Hmm, more to think about.
Can you sing the line with the Rede, but then on the other line just use vocables and say the words "circle" and "still"? I mean, if you're just saying "circle" and "still," there's very little harm in it...and, particularly, if you are able to do something lovely and high vocable-wise on the word "bound," I don't think anyone will really care that you're not singing the actual word there.

I don't know how the song goes personally, though I probably have heard it at some point, but I can imagine that this could potentially work quite nicely based on the soundtrack I'm making up in my head to go along with it.
Yeah, that's a doozy of a musical/social issue. I gotta say, though, I'm far more interested in the philosophical/religious issue with the Rede. I mean, I shouldn't even be getting into this discussion because OMG ARISIA HOMEWORK NOT DONE, but, speaking as someone who's working on putting together a talk on the nature of evil based on her conversations with, among others, abusers and codependents: so, whatcha got that's better? Not that I don't think better is possible (I don't know one way or t'other) or that I think it unlikely you have one (you're as likely as anyone I know) -- I don't mean it as a rhetorical question -- and as a non-pagan (and non-Wiccan) I have no horse whatsoever in that race, I'm just curious where you went from there, ethically speaking.

Having gone back and read your objection, it sounds like you have one or both of two issues:
1) That people impaired in certain ways have trouble telling whether or not an intended action causes harm, and/or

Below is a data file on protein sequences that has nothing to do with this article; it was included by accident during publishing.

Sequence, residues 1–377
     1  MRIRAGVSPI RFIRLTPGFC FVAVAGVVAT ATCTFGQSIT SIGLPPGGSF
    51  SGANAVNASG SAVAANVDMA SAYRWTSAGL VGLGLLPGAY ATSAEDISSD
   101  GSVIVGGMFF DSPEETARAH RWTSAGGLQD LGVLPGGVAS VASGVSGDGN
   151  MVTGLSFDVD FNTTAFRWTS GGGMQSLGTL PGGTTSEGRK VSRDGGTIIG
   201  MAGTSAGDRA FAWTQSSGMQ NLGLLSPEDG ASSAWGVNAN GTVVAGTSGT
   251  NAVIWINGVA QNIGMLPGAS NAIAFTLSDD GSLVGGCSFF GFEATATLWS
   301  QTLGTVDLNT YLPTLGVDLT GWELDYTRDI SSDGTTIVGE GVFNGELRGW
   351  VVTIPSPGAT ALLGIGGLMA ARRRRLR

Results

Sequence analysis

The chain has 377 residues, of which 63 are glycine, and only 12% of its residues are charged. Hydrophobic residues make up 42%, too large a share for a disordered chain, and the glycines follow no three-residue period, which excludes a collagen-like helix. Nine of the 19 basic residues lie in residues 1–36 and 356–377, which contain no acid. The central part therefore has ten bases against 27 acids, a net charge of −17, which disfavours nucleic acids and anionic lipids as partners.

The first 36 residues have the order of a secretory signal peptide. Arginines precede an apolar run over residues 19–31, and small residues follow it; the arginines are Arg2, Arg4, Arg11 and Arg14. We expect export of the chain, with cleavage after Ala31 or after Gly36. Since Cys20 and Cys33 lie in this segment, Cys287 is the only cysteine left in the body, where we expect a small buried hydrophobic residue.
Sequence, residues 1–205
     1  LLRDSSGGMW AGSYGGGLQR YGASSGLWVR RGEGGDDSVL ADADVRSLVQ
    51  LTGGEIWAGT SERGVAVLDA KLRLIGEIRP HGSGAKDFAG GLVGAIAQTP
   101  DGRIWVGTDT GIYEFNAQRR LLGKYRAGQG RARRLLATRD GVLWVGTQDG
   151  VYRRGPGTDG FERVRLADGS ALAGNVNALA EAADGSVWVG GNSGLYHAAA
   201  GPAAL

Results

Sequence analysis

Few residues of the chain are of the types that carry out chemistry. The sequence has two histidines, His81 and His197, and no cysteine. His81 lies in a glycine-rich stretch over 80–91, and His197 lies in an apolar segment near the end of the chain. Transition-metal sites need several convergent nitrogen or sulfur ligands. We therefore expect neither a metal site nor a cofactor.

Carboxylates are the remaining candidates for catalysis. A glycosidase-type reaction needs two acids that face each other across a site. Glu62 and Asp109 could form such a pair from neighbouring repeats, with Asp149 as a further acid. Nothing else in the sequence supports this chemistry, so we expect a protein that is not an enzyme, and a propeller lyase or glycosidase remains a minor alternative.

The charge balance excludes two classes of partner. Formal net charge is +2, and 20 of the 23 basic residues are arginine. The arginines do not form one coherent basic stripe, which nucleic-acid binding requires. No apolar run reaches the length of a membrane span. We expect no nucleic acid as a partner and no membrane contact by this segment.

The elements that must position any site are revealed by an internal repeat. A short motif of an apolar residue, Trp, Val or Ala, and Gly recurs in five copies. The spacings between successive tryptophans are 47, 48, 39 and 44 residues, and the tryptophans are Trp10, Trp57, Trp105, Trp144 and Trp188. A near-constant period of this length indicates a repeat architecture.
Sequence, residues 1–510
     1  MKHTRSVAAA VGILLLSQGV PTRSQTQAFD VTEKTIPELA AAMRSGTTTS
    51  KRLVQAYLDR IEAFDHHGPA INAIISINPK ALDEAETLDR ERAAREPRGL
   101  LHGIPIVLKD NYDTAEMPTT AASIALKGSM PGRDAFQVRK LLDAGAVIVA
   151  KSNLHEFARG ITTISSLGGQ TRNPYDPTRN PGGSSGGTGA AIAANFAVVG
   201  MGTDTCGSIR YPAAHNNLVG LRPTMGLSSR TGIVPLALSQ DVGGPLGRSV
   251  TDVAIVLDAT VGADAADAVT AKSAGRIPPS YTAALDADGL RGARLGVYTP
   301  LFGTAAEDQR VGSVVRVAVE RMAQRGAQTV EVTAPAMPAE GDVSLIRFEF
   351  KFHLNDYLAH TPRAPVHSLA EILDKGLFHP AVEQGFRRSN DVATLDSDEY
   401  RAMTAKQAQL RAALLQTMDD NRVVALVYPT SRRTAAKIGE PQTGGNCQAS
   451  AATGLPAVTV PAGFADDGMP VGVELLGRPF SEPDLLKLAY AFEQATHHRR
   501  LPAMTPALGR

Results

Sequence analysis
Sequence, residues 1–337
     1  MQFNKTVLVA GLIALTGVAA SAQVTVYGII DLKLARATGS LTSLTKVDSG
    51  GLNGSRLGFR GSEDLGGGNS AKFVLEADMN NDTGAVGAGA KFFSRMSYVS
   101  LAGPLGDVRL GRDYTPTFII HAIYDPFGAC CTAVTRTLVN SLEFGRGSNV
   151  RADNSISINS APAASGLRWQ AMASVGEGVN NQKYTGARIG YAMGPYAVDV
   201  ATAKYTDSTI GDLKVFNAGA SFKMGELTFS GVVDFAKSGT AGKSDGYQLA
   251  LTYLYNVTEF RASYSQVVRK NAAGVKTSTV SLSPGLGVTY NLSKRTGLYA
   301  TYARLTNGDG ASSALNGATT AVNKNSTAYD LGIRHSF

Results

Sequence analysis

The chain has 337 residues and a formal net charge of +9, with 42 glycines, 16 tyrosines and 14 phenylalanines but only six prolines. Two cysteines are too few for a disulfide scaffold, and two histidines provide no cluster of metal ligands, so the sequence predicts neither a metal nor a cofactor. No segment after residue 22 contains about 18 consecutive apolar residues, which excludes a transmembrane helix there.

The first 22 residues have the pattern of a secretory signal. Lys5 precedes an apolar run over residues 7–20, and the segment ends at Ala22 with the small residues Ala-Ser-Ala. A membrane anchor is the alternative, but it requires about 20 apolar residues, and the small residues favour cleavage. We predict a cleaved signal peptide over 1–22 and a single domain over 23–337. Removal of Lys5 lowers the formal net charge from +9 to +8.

2) Sometimes causing harm is morally justified, and the Rede doesn't cover that. Perhaps self-defense falls here?

In either case, what doctrine do you feel handles the case better?
Yeah, well, I wasn't supposed to be discussing new directions for me and music when I was supposed to be preparing my Irish class last week but was instead on here enjoying the musical instrument discussion, so there you go. ;) If it's any consolation, my Irish class came off amazingly well, I just ended up a bit sleep-deprived. I tended to expect I may get sleep-deprived around Arisia - everyone else is. I could _plan_ to go to bed and wake up at reasonable times throughout the weekend, but ooh! Shiny! Person I miss dearly and might not see again until next year! New person who is a freak like me in ways I've been lonely for company! Thing I've been looking for and never thought I would find! And there's only one left at this price! Or something. ;)

My biggest issue with the Rede is that I find it potentially dangerously inadequate an ethical guideline, which it is pretty much always assumed to be. You did pretty much nail it in your numbered points. My own personal experience with it is that I first learned about the Rede when I was 18 and freshly out of my family of origin, and trying to figure out how best to move on. I was surrounded by a culture where people simply expected me to stay attached to my family of origin for support, but I knew this was simply not possible -- my family of origin had never provided support, I just happened to be in a college setting that wanted to expect its students to have access to more resources than an independent 18 year old can gain access to. Yet, people's explanations when I would scoff at their attitude about staying attached to family of origin would always revolve around emotions (and often emotional manipulation, but again, I hadn't figured that out yet) -- but we NEED our families, they LOVE us, even when they do bad things. It probably didn't help that my first college was also a Catholic school (though that does add to my personal glee at having started leading pagan rituals in the woods on campus as quickly as my 2nd semester there, which continued for a few years :) ).